Sports Illustrated and CBS News teamed up to do an extensive investigation into the criminal background of every player on SI's preseason top 25 from last year. Its findings shed Pittsburgh in a negative light.
According to the report posted online Wednesday, Pitt had more players on its roster with police records -- 22 -- than any of the schools surveyed. Cincinnati was 15th with five. Because no other schools in the Big East made SI's preseason Top 25, we don't know how those numbers compare with other league schools.
The story opens with details of the Panthers' many off-the-field problems in 2010, including the arrests of Jabaal Sheard, Jason Douglas, Keith Coleman and Jeff Knox. All but Big East defensive player of the year Sheard -- whom school officials insisted was trying to break up a fight -- were either dismissed or suspended indefinitely.
The investigation points out that college teams don't usually do very thorough background checks into the players they are recruiting and signing. Pittsburgh officials said they instituted a process for looking into players' backgrounds after last year's troubles.
"This evaluation is not a legal criminal background check," the school said in a statement released to SI. "Rather, it is a checklist of questions that attempts to gain greater knowledge of the behavior and citizenship of an individual prospect from a variety of people."
Off-the-field problems played a big part in Dave Wannstedt's forced resignation in December. Pitt officials stressed the need for discipline and then touted that with the hiring of Miami (Ohio's) Mike Haywood -- who was subsequently arrested himself and then fired. Current coach Todd Graham has said discipline will be a major focus of his program.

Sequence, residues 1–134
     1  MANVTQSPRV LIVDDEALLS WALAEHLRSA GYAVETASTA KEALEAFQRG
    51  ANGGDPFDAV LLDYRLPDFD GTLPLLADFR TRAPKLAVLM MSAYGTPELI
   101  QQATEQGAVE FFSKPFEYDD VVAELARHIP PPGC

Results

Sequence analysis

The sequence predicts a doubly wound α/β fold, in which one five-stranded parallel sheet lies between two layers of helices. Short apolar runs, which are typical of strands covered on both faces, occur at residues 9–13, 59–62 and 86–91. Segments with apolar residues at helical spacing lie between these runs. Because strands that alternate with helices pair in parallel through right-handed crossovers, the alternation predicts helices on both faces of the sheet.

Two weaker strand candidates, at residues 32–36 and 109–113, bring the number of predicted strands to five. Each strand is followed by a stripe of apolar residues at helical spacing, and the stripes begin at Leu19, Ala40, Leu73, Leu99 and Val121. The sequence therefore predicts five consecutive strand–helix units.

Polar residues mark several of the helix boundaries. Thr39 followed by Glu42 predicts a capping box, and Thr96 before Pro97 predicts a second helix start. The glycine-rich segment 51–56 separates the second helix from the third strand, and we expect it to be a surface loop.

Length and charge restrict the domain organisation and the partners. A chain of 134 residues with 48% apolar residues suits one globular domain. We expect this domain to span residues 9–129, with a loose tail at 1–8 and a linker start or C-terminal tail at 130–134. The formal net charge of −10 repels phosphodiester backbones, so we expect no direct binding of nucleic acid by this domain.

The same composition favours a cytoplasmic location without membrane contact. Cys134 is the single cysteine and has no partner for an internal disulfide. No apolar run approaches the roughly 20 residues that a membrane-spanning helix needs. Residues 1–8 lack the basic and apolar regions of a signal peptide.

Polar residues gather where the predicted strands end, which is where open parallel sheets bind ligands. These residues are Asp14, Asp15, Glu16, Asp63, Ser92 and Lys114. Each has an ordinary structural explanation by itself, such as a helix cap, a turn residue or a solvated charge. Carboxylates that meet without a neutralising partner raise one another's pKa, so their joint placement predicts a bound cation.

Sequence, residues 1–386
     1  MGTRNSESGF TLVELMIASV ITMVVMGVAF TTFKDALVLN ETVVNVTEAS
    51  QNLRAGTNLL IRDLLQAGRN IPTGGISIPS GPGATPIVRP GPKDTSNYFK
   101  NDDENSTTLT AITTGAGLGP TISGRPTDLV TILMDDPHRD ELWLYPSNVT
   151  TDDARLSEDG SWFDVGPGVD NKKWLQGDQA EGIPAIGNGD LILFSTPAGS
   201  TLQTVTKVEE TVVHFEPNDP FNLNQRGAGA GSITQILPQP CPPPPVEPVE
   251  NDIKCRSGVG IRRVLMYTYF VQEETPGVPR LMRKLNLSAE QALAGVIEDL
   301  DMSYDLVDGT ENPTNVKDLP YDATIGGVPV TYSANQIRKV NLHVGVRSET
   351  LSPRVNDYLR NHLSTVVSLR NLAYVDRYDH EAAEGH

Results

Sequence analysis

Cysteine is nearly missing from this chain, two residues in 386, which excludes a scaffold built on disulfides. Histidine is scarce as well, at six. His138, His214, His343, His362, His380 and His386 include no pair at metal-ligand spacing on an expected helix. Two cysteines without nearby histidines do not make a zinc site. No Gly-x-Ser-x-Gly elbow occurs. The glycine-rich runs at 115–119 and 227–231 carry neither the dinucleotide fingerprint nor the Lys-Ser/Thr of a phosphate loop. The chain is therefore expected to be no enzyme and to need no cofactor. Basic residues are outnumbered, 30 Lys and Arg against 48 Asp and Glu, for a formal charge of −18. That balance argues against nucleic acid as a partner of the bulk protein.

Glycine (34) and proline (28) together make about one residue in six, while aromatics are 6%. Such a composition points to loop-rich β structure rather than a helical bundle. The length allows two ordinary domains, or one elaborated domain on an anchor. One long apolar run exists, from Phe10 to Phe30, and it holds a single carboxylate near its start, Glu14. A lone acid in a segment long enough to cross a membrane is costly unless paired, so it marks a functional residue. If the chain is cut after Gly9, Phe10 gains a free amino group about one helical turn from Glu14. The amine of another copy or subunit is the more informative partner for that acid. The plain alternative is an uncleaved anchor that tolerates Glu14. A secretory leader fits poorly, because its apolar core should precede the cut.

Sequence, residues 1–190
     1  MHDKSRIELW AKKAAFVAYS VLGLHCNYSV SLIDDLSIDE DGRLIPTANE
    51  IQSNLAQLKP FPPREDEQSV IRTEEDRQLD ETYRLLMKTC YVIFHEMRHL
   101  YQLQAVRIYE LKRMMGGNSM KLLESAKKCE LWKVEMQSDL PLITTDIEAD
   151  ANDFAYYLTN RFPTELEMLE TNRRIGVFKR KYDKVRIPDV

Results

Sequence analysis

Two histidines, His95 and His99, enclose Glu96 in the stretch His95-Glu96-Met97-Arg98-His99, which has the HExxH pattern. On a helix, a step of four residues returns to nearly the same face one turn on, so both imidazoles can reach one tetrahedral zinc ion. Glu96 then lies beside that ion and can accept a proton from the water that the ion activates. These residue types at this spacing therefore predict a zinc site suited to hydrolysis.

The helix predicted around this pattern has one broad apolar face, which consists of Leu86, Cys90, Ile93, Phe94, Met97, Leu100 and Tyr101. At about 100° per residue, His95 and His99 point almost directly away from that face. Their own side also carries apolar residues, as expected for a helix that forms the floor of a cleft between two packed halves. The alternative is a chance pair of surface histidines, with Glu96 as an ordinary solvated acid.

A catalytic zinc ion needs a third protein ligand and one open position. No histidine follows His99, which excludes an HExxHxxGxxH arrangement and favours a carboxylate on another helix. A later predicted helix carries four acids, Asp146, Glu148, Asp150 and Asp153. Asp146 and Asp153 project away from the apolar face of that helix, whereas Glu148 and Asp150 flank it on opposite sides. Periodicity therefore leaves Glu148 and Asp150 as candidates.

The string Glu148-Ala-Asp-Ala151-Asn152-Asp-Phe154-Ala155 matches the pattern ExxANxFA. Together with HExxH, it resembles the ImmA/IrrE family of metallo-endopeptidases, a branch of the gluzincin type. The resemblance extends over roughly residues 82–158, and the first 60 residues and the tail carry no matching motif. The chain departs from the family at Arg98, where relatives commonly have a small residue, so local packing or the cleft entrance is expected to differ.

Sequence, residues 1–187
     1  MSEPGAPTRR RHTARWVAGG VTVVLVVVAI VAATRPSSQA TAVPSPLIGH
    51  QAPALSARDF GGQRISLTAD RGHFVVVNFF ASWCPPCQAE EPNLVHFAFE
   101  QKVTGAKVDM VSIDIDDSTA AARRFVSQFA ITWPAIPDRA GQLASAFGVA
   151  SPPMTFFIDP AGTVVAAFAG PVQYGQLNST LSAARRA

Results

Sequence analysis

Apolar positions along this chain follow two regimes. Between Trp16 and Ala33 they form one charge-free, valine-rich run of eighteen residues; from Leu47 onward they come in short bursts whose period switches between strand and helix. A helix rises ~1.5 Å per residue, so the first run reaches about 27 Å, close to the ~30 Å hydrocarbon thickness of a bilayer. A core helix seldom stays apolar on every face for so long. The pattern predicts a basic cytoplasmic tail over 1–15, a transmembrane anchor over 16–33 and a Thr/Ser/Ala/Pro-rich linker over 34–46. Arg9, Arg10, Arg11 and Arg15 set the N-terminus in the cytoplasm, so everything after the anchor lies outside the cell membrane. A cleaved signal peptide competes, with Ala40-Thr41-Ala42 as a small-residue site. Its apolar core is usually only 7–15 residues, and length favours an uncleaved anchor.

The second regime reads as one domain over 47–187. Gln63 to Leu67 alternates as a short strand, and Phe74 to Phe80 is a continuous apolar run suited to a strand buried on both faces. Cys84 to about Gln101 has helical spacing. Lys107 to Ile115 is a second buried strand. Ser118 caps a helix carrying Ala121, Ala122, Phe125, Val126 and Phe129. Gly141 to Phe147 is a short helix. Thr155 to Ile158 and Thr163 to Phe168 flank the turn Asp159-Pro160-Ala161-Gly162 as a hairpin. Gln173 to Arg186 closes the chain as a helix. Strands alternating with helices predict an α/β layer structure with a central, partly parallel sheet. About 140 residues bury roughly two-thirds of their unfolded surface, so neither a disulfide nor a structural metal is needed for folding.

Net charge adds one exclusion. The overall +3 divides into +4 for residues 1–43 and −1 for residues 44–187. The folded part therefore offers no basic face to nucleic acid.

Later in the article, the writers suggest that not performing simple background checks can leave schools unprepared for high-risk players, and they cite current Cincinnati freshman linebacker and Florida native Antwan Darling as an example.
On March 22, 2010, Darling was arrested for burglarizing a residence in Miami. That day, 17-year-old Kimberly Lewis was home alone from school sick when she heard two men prowling around the outside of her house, locked herself in a room and called 911 ...
Miami police responded quickly and Darling was arrested at gunpoint and charged with felony burglary of an occupied dwelling. He subsequently entered a pretrial intervention program and the charge was dropped, clearing the way for him to accept a scholarship to Cincinnati.
The story says Darling has also been charged with a felony count of firing a weapon and possession of marijuana.
A Cincinnati official told SI he was unaware of the burglary arrest, while coach Butch Jones spoke only in general terms:
"When recruiting a prospective student-athlete, we do our due diligence in exhausting all avenues looking into an individual's background," he said.
The story also cites the case of Cincinnati receiver Kenbrell Thompkins, whom the story says was arrested seven times in his youth, as an example of someone who has turned his life around. Thompkins will be eligible this season after transferring from junior college last summer.
Keep in mind that only two Big East teams were a part of this survey. I'd bet just about every team in the country has to deal with these kinds of issues.